My first race I won using the classic tactics. We did a track stand for a bit, played a bit of hide and seek over his shoulder, then kicked with about a lap and a half to go and I took the win. This meant I was through to the quarter finals. I won both my quarter final heats, putting me through to the semis, up against the eventual winner. In the first heat I tried to win just on raw speed, which didn’t work. One-nil down, time for the tactics. This time I was Man 1 and had a trick up my sleeve. As mentioned earlier, being an endurance racer in the sprints meant I could do something many of the sprinters couldn’t: more than two laps at max speed. I kid you not. I had a small gap with two-and-a-half laps to go, so I kicked. My competitor realised he wasn’t going to be able to do this and sat up. One all. I was Man 2 in our final race, meaning I had to close the small gap to come round him. My plan was the same as the race before, go long. Once I got onto his back wheel there was two laps to go, not ideal. We kicked, and he managed to hang on to take the win, before going to throw up in a bin. This put me into the third-place final, which I lost. I didn’t mind too much; it had been a great experience and the pure sprinters deserved the podium. I had, had a lot of fun and I still had three races left, so plenty of opportunities to get a medal. Coming fourth in the sprint after doing no specific training towards it wasn’t bad at all. 

Sprint 📸British Cycling

Thursday was a long day. Points Race Day.  Qualifying again and I managed to score a couple of points in the morning’s 50-lap qualifier, meaning I was through to the final. I had qualified with little effort, trying to manage my efforts and sitting down when ever I got the chance.  I sat and waited for the final.  My tactic in the race  was to pick specific sprints and score high in them, rather than waste energy scoring low in all the sprints. I stayed near the back for most of the race, fairly sure no-one would get enough of a gap to try the lap gain. I came to the front and contested the second sprint, three points in the bag. Back into the bunch to save energy, not having to put my nose in the wind until, with two laps to go, I came round the bunch and rushed the gap to the lone rider in the break, overtaking him at the last moment to take the ten points on the line, as there are double points in the last sprint, putting me second overall with 13 points, 2 points off the winner. So that was it, MY FIRST NATIONAL PODIUM! This was what I’d been working up to for the last year. Everything had come together. I was delighted.  Dad, Mum and my twin sister were all there to see.  It was brilliant.  The legs felt great and that evening riding home felt a world away from Tuesday’s disappointment.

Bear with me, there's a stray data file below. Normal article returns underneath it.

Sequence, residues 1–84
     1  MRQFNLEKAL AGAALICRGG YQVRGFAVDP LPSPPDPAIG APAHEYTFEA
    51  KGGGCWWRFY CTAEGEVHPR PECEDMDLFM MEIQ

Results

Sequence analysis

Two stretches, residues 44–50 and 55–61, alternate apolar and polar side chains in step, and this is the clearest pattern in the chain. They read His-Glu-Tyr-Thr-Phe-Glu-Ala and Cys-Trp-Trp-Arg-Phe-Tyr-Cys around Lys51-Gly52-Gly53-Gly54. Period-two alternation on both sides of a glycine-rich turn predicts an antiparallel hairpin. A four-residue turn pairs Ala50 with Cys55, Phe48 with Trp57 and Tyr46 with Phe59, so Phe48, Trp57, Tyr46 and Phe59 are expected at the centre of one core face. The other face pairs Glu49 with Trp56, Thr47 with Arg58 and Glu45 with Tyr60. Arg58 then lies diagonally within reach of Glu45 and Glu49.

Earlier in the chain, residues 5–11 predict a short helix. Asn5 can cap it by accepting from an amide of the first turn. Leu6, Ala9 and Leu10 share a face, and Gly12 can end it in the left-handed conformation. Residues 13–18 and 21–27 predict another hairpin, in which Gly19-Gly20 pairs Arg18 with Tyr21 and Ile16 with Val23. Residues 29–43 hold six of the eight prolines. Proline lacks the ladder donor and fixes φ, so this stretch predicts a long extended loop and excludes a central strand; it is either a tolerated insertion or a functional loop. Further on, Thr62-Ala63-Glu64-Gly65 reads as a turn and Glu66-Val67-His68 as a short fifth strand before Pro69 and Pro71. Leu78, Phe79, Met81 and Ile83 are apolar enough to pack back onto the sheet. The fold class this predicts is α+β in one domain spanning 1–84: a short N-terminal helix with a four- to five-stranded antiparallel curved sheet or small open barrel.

Points Podium 📸British Cycling

The final day … Friday was a triple day for me. Coming off the elation from the day before, my main goal was to make it round safe, as it was Madison day. Ethan Storti and I had made it through the qualifier, scoring enough points to get us into the final.  We had raced sensibly and done just enough.  Before the final though was the 500m TT. Again a target for me, a quick change of skinsuit and I was ready. I set a new PB for my standing lap: 19.6 seconds, before going on to set a 500 PB of 35.017, putting me in eighth place, another top-10 and PB to go on the list, beaten only by a couple of the endurance guys and some impressive sprinters. Finally; another quick change and it was time for the Madison final, my last race of the week. I can’t really remember much of what happened in the race, other than it was pretty sketchy and that we ended up fifth, on the same lap as the leaders, and most importantly, upright, we had managed to get some points but not enough for a Podium.

We stayed Friday night and took a leisurely walk into Newport.  An amazing Burger and Fries, particularly tasty after a week of pasta, orzo and rice! Then a wander back along the river to reflect on my week at the National Track Championships. 

I would like to make some special mentions; Firstly; Sam Fisher, impressive week and a growing collection of stripy jerseys.  Thomas, thank you.  Mum and Maddy for coming to see me and Dad for all his support.  We did it!